It is a ministerial-level discussion between India and Kazakhstan, Kyrgyzstan, Tajikistan, Turkmenistan, and Uzbekistan. The discussion will centre on a variety of topics, including strategies to increase connection and stabilise war-torn Afghanistan. The Prime Minister of India recently convened the first India-Central Asia Summit in virtual form.
Details of the Summit
- The Leaders deliberated on far-reaching suggestions to expand collaboration in commerce and connectivity, development cooperation, defence and security, and, in particular, cultural and people-to-people interactions. These were :
- Energy and Connectivity Roundtable conference
- Exercises on counter-terrorism cooperation.
- Joint Working Groups at the highest levels of government on Afghanistan and the usage of the Chabahar Port.
- Annual visit of a 100-member Central Asian youth delegation to India, as well as specific courses for Central Asian diplomats.
- The leaders reaffirmed their strong support for a peaceful, safe, and stable Afghanistan with a government that is truly representative and inclusive.
- Exhibitions of Buddhist art in Central Asian nations, as well as the creation of an India-Central Asia lexicon of common terminology.
Importance of the summit for India
- Trade: India has traditionally had great diplomatic connections with the five Central Asian governments, and Indian Prime Ministers have visited them, notably Prime Minister Narendra Modi in 2015. Despite this, India’s trade with them was just USD 1.4 billion in 2019. In order to connect with the area, India joined the Shanghai Cooperation Organization (SCO) in 2017. However, the SCO is only a sluice gate to moderate Russia’s and China’s subconscious competition in order to prevent either nation from dominating the area. Russia frequently uses the SCO to manage India-China relations.
- Security: The meeting is a significant step forward in India’s diplomacy. Because the area is a vital lynchpin in India’s security strategy, the summit will have a cascading effect on India’s diversified approach to the region.
- Geopolitical Dynamics: The summit exemplifies the emphasis that the leaders of India and Central Asia place on a comprehensive and long-term India-Central Asia alliance.It is taking place at a critical moment at which tensions between the West and Russia, as well as between the United States (US) and China, are growing. India has also had geopolitical losses, including border conflicts with China and the Taliban’s takeover of Afghanistan. It comes after President Vladimir Putin’s visit to India, which may have given India the opportunity to press Russia to gently balance China in Eurasia and to control the threat from Afghanistan. The recent instability in Kazakhstan also demonstrated that “new actors” are striving for power in the area, while their motivations remain unknown.
India’s relationship with Central Asian countries
- Turkmenistan: It is a key element of India’s regional connectivity strategy, as seen by its involvement in the Ashgabat Agreement. A crucial component of the 2018 Ashgabat Agreement is regional connectivity in Central Asia.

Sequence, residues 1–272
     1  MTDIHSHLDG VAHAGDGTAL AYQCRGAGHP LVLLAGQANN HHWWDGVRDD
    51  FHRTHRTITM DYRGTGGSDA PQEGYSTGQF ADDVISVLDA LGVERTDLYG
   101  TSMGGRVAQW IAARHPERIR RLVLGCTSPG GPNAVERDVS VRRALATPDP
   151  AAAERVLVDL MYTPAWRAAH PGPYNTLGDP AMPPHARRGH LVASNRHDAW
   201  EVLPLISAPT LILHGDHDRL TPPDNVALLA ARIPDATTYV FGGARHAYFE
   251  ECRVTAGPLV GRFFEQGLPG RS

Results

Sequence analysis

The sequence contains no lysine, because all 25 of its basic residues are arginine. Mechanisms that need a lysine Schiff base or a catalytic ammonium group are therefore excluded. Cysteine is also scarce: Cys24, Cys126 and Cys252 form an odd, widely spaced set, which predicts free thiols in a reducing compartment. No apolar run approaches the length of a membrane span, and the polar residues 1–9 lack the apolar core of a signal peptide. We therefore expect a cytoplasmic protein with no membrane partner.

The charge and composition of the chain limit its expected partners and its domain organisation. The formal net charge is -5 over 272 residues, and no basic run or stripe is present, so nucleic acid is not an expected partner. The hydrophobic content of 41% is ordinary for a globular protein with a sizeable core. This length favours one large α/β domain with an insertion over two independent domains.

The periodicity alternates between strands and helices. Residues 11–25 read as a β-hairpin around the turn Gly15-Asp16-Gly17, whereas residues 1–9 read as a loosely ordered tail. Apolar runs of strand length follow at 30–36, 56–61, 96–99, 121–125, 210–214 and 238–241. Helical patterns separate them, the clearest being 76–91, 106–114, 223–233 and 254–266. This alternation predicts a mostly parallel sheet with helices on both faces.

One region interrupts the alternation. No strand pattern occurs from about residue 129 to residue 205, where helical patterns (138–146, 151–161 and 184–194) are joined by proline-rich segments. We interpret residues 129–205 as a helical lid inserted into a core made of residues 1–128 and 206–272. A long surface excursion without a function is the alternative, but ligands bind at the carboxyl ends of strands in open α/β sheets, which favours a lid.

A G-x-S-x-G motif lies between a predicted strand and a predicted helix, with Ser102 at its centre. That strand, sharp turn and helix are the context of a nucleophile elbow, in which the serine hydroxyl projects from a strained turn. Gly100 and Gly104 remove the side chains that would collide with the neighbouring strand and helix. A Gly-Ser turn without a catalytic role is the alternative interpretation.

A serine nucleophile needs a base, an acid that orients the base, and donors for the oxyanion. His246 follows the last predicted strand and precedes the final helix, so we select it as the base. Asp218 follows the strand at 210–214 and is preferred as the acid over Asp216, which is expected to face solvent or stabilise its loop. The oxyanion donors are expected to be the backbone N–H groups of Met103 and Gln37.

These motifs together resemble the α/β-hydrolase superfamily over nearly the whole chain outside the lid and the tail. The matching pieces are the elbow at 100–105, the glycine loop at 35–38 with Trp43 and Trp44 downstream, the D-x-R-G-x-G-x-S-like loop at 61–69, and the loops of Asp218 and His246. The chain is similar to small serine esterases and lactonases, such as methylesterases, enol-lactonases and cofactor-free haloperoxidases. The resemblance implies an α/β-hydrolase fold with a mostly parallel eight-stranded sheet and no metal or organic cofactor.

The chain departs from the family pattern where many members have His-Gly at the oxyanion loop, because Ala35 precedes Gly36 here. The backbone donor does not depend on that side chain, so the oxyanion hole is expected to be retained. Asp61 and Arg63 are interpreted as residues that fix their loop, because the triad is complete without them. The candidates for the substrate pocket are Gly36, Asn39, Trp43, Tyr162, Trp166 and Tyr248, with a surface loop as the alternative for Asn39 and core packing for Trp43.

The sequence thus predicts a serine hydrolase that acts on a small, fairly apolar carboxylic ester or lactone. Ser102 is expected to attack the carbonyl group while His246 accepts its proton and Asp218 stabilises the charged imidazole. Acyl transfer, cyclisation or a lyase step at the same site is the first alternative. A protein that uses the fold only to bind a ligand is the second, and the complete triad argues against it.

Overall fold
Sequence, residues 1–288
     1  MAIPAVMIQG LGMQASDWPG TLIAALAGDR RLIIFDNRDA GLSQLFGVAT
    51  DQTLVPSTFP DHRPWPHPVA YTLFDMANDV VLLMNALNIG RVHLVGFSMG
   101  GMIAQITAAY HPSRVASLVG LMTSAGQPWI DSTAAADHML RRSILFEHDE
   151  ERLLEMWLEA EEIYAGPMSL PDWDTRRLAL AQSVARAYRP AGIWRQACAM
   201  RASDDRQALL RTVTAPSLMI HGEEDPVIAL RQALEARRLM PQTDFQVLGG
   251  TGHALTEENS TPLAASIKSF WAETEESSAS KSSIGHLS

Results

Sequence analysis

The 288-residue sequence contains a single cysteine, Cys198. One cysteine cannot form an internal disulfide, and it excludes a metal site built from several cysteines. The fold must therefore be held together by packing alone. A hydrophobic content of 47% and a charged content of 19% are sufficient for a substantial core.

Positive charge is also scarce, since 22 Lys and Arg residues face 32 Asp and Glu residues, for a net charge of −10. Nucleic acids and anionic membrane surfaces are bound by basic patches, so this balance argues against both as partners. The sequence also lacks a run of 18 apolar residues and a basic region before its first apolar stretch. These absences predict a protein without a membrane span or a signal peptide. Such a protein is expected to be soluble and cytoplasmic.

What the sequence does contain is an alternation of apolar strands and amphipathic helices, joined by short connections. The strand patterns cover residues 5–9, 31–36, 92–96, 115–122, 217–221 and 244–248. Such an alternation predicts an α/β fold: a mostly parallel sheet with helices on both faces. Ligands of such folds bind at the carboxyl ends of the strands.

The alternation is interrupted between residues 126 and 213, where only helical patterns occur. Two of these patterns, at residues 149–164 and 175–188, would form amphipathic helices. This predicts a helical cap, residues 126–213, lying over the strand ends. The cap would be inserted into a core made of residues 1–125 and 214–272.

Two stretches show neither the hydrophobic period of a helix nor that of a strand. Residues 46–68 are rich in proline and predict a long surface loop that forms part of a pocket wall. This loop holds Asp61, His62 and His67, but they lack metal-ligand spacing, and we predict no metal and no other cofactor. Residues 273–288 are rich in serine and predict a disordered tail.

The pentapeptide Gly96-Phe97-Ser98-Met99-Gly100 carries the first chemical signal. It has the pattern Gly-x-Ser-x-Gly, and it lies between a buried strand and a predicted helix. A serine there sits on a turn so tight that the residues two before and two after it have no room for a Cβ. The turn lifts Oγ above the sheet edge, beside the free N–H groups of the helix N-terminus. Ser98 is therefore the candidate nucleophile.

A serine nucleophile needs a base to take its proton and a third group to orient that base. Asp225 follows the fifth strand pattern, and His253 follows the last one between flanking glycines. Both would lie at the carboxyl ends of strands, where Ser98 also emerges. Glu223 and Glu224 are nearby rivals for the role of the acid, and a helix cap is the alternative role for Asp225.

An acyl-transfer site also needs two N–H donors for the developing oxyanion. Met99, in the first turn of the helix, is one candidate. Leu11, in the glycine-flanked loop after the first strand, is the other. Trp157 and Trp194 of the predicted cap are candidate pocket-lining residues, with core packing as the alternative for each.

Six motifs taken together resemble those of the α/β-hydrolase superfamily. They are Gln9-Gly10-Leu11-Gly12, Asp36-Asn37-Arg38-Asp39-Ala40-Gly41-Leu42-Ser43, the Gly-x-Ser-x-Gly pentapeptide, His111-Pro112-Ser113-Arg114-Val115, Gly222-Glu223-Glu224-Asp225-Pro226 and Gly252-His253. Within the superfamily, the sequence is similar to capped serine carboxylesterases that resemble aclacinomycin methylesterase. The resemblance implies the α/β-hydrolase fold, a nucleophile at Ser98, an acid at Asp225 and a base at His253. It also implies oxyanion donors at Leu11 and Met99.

- Tajikistan: Both nations have a long history of security cooperation.
- Kazakhstan: has emerged as a critical partner for India’s energy security.
- Uzbekistan: State governments in India are also prominent participants in the country’s expanding relations with Uzbekistan.
- When others engage with the region from their own perspectives —- China from an economic (Belt and Road Initiative), Russia from a strategic (Collective Security Treaty Organization), Turkey from an ethnic (Turkic Council), and the Islamic world from a religious (Organisation of Islamic Cooperation) —- it would be appropriate for India to provide a cultural and historical perspective to the region through an annual summit-level meeting.
- With the exception of Russia, Central Asia has no particular orientation toward any country. While their geopolitical ideas are sometimes ambiguous, they are cautious of China. They do, however, have substantial economic relations with China, whereas India has little or no economic dependent on them.
- The region’s hostile attitude against Pakistan is fading, perhaps as a result of the population’s growing Islamization or maybe as a result of Russia’s altered stance toward Pakistan.
- India must first revise its big-picture perception of the area. Central Asia is unquestionably a zone of Indian civilisational impact. The Ferghana Valley served as India’s Great Silk Road crossing point. Buddhism expanded throughout Asia from here. The Valley continues to link India to three countries: Uzbekistan, Kyrgyzstan, and Tajikistan.
- The popular conception of “Hindustan” in the people’s minds, as well as their historic affection for Bollywood, might be key elements in enhancing the connection. However, India’s soft power is dwindling as a result of generational transition. This must be stopped. Aside from trade, only a value-driven cultural strategy can replace the existing ill-defined aims of re-establishing India-Central Asia ties.
How to structure
- Give an intro about India- Central Asia relations
- Explain about the summit- its objectives
- Mention the significance and the need
- Suggest way forward